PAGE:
Surgery/Lithotripsy

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Not all kidney stones will spontaneously pass from the kidney out into the urine.  Most stones under .5cm will spontaneously pass from the kidney.  Most stones greater than 1cm will not pass.  If the stone must be removed two commonly employed methods are percutaneous nephrolithotrypsy (PCNL) and extracorporeal shock wave lithotripsy (ESWL).  The type of procedure depends on the type of stone and its size.  Typically, small stones can be treated with ESWL, while larger stones require PCNL. ESWL is typically not successful for cystine stones.  Some large struvite stones require a combination of PCNL and ESWL.  

ESWL (extracorporeal shock wave lithotripsy) This procedure uses sound waves to break apart the stone.  Originally, people were placed in large water baths which is good at transmitting sound waves.  Newer generation machines transmit the shock wave through a water cushion or tube which is placed over the patient.  The stone must be found by either ultrasonography or flouroscopy, which is like an xray machine but uses television monitors rather than xray film for constant monitoring.  Often as part of ESWL, the urologist will perform cystoscopy and place a stent (a small tube) that passes from outside the patient, through the urethra, up the ureter, and into the kidney.  This tube will remain in place for a few days.  It allows for easier passage of the tiny stone fragments that are created after exploding the stone with shock waves.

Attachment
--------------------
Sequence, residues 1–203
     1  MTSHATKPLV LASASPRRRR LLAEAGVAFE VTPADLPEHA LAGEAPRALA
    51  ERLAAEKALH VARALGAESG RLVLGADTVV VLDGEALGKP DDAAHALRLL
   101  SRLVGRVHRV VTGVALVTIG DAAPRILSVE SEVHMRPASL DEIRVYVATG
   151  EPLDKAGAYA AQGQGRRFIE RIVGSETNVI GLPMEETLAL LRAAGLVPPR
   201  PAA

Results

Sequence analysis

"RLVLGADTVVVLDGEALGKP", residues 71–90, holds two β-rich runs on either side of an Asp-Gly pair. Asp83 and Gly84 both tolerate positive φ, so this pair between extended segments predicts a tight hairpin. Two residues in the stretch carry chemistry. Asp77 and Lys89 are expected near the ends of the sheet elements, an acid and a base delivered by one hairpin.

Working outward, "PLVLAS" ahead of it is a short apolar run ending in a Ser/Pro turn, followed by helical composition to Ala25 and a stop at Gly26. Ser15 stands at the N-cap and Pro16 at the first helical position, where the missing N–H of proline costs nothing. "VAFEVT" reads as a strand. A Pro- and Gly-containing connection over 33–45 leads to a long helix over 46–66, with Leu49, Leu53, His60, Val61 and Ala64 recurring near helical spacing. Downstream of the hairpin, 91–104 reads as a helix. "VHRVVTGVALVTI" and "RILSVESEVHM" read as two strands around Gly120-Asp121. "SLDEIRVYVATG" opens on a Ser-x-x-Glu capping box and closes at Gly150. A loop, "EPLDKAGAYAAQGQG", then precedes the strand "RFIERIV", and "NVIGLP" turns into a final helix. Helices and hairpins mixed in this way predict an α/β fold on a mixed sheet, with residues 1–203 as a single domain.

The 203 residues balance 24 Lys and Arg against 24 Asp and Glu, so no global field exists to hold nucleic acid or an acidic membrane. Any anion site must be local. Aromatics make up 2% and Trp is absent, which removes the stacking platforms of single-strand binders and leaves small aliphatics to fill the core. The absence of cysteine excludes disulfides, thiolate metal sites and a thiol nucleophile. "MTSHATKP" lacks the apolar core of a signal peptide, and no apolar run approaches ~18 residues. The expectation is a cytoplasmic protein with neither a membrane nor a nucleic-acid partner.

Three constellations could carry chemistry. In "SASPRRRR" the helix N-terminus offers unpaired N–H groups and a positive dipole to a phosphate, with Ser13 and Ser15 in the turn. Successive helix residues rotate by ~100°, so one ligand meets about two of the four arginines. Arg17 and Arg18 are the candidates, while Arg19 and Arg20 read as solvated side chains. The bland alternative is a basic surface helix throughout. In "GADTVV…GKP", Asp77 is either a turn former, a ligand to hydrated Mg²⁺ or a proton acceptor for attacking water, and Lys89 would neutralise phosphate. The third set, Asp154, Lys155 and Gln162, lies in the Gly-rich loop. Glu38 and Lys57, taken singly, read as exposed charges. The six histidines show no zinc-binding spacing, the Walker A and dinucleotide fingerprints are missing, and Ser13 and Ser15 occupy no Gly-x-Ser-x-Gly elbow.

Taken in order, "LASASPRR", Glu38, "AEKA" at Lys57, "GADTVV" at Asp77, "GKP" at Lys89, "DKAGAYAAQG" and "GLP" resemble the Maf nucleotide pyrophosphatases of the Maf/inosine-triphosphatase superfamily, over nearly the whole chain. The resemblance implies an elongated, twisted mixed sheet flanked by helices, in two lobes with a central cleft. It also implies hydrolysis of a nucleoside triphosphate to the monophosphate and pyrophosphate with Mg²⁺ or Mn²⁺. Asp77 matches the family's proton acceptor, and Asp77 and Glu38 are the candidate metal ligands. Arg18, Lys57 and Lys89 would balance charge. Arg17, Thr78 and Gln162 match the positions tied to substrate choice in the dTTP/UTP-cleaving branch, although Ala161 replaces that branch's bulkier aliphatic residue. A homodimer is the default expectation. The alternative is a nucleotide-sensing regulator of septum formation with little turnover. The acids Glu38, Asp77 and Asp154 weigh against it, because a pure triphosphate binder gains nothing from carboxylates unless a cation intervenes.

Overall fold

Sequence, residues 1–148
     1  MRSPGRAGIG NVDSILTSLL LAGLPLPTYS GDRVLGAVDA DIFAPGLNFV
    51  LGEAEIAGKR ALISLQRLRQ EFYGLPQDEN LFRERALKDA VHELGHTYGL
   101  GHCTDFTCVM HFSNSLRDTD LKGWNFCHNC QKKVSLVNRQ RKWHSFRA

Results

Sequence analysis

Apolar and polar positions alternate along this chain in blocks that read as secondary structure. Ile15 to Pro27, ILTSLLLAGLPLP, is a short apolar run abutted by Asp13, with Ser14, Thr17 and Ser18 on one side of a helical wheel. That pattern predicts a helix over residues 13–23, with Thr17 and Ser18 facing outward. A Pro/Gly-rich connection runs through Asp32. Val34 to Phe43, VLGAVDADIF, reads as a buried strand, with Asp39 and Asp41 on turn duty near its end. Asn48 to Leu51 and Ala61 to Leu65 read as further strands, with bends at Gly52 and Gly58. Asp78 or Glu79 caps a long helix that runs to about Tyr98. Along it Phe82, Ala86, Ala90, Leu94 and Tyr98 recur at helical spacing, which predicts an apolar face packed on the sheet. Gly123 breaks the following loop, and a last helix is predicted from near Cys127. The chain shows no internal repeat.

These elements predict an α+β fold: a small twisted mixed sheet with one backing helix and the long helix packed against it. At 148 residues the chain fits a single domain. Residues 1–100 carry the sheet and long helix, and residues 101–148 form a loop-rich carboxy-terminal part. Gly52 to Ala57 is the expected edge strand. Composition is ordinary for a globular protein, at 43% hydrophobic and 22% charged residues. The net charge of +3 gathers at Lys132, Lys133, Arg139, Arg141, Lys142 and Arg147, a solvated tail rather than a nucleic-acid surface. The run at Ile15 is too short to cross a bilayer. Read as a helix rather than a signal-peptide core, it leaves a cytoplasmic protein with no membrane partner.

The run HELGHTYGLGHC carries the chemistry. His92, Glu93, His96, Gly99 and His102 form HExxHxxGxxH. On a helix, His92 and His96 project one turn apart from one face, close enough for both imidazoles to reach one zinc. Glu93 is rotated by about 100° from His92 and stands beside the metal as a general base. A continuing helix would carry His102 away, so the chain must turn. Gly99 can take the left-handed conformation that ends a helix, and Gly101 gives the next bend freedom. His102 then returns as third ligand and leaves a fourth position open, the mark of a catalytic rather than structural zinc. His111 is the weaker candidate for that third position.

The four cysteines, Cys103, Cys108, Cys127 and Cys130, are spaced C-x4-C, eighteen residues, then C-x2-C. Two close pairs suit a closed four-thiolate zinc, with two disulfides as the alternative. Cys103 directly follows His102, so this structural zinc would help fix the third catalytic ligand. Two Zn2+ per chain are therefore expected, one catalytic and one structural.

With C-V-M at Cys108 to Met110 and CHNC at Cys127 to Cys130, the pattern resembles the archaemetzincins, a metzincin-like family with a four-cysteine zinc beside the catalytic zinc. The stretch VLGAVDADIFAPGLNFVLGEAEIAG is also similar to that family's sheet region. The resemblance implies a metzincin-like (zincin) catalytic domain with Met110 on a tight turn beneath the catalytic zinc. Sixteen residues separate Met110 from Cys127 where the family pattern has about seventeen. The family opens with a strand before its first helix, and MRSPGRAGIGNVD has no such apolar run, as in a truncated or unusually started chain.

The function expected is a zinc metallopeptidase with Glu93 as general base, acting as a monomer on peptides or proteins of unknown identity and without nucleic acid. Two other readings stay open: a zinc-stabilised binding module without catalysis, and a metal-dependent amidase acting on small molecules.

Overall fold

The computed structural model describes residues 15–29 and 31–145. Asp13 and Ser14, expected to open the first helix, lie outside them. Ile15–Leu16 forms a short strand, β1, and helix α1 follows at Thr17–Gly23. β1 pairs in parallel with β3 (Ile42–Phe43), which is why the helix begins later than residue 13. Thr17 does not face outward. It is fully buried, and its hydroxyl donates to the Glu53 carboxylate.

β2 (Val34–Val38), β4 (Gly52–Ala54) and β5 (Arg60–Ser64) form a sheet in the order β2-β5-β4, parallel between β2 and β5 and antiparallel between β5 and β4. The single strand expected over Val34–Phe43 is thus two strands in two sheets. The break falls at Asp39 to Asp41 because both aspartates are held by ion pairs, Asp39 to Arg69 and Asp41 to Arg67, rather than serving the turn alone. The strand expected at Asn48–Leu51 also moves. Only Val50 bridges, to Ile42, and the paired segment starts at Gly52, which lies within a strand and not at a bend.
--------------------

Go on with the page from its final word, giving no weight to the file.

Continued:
ESWL can also be used successfully for stones that are stuck in the ureter.

PCNL (percutaneous nephrolithotrypsy): This procedure is more commonly used when ESWL cannot (e.g. cystine stones, large staghorns, unsuccessfuly ESWL, calcified aorta, and other causes).  First a tube is inserted into the patient's back into the kidney to create a tract.  A scope is run through the tract to directly visualize the stone inside the kidney.  Ultrasound equipment can then be inserted to break up the stone.  While watching the stone through the scope, the stone fragments can be grasped with special equipment and pulled through the tract out from the kidney.

Open Surgery:  Before the advent of PCNL and ESWL, open surgical procedures were performed.  This is less often necessary now, but sometimes is still performed especially for large complicated staghorn stones.